General Motors and Honda are developing a new global electric vehicle architecture that will underpin multiple models, the companies announced in a press release Tuesday morning. The goal is to have the capacity to build millions of affordable EVs on the platform by 2027. This marks a serious deepening of the relationship between the two companies following their initial collaboration on fuel-cell technology and upcoming Honda EVs.
According to CNBC's Mike Wayland, GM Executive Vice President of Electric, Autonomous, and Fuel Cell Programs Ken Morris told said that the co-developed cars should slot in under $30,000. The key product will be a compact crossover, already one of the world's hottest segments and one that Honda plays a massive role in with the CR-V. But the collaboration won't stop there.
In addition to the other products on the platform, GM and Honda "also will discuss future EV battery technology collaboration opportunities," like solid-state batteries, per the companies' statement. That's key because massive cost reductions for BEVs don't seem possible with current lithium-ion batteries.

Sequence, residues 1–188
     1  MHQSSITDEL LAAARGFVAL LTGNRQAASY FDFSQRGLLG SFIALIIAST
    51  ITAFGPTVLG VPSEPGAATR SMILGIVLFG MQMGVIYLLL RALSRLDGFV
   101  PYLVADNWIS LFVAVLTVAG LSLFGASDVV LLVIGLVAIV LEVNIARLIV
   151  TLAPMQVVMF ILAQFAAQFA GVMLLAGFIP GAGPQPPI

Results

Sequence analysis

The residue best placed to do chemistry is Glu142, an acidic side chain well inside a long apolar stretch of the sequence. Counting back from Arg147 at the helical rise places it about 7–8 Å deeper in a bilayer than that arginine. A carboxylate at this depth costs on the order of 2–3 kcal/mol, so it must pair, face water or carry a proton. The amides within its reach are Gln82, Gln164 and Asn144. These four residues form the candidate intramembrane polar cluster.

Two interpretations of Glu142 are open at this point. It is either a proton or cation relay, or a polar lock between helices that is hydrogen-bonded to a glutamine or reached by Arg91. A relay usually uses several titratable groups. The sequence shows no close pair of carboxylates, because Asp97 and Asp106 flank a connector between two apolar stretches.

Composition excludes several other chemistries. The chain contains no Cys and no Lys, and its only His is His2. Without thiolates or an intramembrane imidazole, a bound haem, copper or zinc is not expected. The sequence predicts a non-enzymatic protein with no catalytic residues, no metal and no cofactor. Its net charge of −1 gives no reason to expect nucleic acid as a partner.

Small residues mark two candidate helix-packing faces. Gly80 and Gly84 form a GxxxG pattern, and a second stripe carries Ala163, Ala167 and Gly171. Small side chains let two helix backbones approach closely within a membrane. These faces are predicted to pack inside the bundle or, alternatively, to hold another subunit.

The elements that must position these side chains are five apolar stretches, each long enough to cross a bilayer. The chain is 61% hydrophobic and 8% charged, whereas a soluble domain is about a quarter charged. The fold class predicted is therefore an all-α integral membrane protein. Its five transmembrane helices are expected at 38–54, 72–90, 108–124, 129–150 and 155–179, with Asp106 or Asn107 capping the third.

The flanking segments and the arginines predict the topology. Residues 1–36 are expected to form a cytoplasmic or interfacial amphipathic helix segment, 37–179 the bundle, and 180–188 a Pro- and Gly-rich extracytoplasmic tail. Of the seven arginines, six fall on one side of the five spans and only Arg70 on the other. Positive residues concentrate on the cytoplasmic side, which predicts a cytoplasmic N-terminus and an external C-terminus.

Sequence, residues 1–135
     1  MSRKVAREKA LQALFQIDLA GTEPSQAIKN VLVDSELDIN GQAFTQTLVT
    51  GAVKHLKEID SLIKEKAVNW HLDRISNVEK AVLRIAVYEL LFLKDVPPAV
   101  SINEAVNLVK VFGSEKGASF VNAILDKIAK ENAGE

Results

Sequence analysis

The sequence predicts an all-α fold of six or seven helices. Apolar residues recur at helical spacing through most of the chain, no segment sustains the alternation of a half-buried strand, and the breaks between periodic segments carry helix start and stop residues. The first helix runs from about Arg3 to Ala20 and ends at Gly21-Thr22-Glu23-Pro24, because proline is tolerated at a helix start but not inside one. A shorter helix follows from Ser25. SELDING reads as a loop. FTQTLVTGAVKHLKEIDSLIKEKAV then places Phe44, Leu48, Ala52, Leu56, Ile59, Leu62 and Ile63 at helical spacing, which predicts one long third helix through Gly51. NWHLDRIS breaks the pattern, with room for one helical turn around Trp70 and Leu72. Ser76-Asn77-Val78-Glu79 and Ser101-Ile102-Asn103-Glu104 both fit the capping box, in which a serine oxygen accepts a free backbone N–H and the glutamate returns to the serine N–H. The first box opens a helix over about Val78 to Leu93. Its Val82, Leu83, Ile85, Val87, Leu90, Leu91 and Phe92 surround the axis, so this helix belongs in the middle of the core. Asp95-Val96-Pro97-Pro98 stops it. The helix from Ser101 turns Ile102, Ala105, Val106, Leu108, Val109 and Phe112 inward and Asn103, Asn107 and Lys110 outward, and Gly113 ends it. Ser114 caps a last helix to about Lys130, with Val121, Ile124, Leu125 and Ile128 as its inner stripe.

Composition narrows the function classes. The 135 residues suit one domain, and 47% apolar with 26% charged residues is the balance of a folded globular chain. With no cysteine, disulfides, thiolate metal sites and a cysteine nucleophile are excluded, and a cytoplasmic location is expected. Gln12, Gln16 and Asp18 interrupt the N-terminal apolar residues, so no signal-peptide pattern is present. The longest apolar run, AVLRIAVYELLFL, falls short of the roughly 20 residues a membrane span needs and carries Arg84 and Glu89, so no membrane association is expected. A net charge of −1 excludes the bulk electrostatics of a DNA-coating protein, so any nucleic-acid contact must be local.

Honda and GM say they will also work on standardizing production processes and equipment to ensure "world-class quality" and affordability for the joint products. That suggests that, like GM's collaboration with Toyota at the "NUMMI" plant, the companies want to learn from each other's production methods.
In this case, Honda may be the one with more to learn. The company has been a laggard on the EV front, taking a more cautious approach than most American and European companies. It won't be launching its first long-range EV in the U.S. until 2024, and that will ride on GM's existing EV architecture. A new platform, with Honda involved from day one but using GM Ultium batteries, could be transformative for the company's efforts. But given Honda's incredible history of making compelling, affordable cars, GM has a lot to gain, too.